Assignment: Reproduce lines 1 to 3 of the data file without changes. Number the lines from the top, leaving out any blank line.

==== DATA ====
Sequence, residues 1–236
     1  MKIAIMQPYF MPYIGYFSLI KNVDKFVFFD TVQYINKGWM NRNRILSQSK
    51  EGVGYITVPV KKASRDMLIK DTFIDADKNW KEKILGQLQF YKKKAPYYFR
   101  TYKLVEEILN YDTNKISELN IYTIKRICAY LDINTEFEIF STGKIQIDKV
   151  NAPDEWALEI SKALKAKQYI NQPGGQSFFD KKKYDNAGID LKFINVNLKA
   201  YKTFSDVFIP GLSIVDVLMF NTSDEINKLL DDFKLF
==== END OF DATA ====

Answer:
Sequence, residues 1–236
     1  MKIAIMQPYF MPYIGYFSLI KNVDKFVFFD TVQYINKGWM NRNRILSQSK
    51  EGVGYITVPV KKASRDMLIK DTFIDADKNW KEKILGQLQF YKKKAPYYFR